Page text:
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Shopping from Archival Clothing

As evidenced by my blog, I own a large collection of outdoor and country clothing catalogs. Most of my titles pre-date online shopping (early Barbour and Filson) but would not count as must have, vintage classics (for example, Sears or Montgomery Ward catalogs from the 1920s and 1930s). During my penniless days of grad school, I consoled myself by “shopping” from these catalogs, making size color selections but stopping short of filling out the obsolete order forms (how to navigate the arcane shipping and payment options).

The pride of my collection is my collection of Hedbden Cord catalogs (and companion fabric samples). For those who never saw their ads in the back of The Field magazine, Hebden Cord was an amazing, ancient UK company specializing in bespoke country clothing. Hebden Cord sold everything from full corduroy hunting suits and ventile hiking breeks to cycling plus fours and gabardine touring shorts. In my earlier catalog, each garment is drawn out as an elongated line drawing that resembled old Simplicity sewing patterns–almost inviting the reader to recreate the garment at home. Alas, like many of the companies represented in my catalog collection, Hebden Cord went out of business and disappeared from view before I could plan an actual order. A Google search for Hebden Cord will take you almost directly to my blog, Archival Clothing. I’m happy to know that my blog has given many of the ephemeral or lost brands, like Hebden Cord, a visual afterlife. For interested parties, new old stock Hebden Cord continue to show up in small batches on ebay.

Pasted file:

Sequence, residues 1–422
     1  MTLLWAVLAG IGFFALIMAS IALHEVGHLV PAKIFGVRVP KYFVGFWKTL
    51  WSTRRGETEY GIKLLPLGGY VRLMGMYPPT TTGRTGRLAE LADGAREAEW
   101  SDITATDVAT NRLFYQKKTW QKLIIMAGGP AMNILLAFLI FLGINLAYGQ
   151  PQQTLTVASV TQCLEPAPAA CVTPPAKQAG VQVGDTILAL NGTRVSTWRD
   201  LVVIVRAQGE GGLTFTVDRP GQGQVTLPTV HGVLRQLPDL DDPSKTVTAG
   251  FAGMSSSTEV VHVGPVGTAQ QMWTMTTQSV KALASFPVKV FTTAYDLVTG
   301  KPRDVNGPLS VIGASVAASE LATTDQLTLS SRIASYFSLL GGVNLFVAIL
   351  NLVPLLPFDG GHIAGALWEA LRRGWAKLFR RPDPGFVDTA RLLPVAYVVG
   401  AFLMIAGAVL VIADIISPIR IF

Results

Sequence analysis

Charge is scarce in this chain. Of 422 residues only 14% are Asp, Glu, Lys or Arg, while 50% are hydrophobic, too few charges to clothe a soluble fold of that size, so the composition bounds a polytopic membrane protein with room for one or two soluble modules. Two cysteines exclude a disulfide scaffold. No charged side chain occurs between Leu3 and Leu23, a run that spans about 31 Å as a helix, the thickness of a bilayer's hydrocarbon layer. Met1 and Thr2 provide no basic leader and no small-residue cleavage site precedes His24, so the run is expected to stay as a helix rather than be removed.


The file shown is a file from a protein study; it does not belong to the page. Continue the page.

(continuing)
In case you think that I spend my day pining over pages from Brady bag catalogs from 1989, you should know that I balance my hobby of hypothetical shopping with a near obsessive interest in long distance cycling otherwise known as randonneuring (or Audax, if you’re in the UK). This area of interest, of course, permits

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